You can join the worldwide community of Gratitude, or follow it on Facebook by typing: World Gratitude.

Gratitude attitude is about developing an awareness of life and attracting more miracles to your life by demonstrating gratitude to every day miracles. You will notice that you naturally begin to feel happier, less concerned about what you haven’t got but happy with what you have.

Zeynep “Premdasi” Yilmaz is a Reiki Master/Teacher, Yoga Teacher and Meditation teacher. Zeynep has been practicing, volunteering and teaching Reiki in Cincinnati, Ohio, with the goal of empowering individuals to tap into their highest potential.

Thursday, June 10, 2010

Reiki for the Gulf of Mexico

As the oil spill in the Gulf of Mexico continues to spread, Reiki practitioners around the world are keeping the area and its precious ecosystem in their meditations. To facilitate that effort, Reiki harpist and Reiki Digest Special Contributor Cymber Lily Conn has recorded a musical accompaniment.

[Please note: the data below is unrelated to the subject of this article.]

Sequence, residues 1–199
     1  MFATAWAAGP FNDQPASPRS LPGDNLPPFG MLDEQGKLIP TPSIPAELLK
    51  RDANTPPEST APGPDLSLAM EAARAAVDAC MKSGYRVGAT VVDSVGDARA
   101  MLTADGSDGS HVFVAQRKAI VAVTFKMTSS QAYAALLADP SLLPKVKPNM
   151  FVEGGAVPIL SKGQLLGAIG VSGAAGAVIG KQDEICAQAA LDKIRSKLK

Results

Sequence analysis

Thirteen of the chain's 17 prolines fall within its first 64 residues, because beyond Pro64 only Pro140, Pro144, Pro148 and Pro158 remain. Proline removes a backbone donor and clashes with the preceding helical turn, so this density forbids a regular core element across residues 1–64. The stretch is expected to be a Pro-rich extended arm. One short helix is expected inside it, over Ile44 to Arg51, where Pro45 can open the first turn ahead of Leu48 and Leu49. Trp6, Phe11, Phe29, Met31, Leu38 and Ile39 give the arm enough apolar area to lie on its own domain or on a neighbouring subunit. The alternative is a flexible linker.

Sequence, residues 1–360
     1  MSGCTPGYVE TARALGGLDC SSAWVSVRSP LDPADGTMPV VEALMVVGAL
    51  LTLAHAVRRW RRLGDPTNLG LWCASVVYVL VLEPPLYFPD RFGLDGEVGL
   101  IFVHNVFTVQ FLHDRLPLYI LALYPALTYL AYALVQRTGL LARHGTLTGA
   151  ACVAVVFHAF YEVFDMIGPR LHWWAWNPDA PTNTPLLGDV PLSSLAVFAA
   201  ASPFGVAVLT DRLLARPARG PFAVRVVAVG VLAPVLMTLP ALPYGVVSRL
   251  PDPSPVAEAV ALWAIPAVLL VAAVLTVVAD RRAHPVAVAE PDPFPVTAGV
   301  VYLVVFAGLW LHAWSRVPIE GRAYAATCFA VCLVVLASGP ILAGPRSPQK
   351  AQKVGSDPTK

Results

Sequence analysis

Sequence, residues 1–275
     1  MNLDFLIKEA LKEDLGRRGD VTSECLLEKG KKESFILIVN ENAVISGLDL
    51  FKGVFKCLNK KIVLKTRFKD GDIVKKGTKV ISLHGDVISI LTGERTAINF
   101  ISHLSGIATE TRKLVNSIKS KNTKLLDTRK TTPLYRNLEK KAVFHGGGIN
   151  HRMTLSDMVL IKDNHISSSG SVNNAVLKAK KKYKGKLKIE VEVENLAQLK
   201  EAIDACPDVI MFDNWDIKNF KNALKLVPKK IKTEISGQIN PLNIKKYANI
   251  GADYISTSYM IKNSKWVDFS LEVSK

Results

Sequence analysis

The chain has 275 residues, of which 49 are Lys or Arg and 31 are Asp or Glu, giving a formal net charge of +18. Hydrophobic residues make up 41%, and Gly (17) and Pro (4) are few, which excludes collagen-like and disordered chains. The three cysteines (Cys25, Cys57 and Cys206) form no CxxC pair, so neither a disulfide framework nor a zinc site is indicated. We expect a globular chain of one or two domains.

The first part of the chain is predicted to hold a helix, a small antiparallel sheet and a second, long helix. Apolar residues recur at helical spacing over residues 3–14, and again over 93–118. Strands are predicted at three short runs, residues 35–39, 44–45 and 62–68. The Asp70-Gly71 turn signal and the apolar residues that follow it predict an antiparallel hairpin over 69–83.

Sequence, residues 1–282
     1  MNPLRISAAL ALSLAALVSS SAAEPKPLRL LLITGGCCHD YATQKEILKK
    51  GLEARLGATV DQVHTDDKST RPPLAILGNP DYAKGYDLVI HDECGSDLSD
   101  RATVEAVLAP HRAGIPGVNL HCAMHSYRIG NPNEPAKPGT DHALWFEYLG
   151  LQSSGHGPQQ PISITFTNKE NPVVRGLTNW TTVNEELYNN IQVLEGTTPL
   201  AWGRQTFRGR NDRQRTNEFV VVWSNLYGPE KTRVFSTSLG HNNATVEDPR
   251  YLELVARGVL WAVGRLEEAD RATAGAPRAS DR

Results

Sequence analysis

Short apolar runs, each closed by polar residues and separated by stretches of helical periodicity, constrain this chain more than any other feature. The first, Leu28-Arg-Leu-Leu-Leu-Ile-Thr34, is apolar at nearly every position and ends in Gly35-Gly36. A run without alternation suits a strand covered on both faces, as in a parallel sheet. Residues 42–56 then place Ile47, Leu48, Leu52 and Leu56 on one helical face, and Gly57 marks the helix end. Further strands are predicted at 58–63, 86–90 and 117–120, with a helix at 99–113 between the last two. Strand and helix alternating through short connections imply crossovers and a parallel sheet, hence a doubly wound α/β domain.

Here's Cymber:

"I used the Dorian Mode to help ground the feelings and reduced drama and tensions, so listeners can think more clearly and remain calm. (However, if you use Dorian Mode for too long, it can start to sound depressing.)

The session opens with D minor/C major chord pattern that allows for sadness and wistfulness to emerge, as well as contemplation for what this oil spill will mean for all of us, now and long term.

Gradually, the Reiki energy changes toward the end of the session, switching the pattern to C major/D minor, providing insight and the much needed lift in energy to live in a different way, so that we are not dependent on oil, and never have to endure another spill."

This podcast and others are available on Cymber's web site.

Wednesday, June 09, 2010

The weekly waka

Dawn and dusk
two sides of the same coin
what is life
but one long day
in between darkness?
By Beth Lowell

Monday, June 07, 2010

The Reiki Digest writers guidelines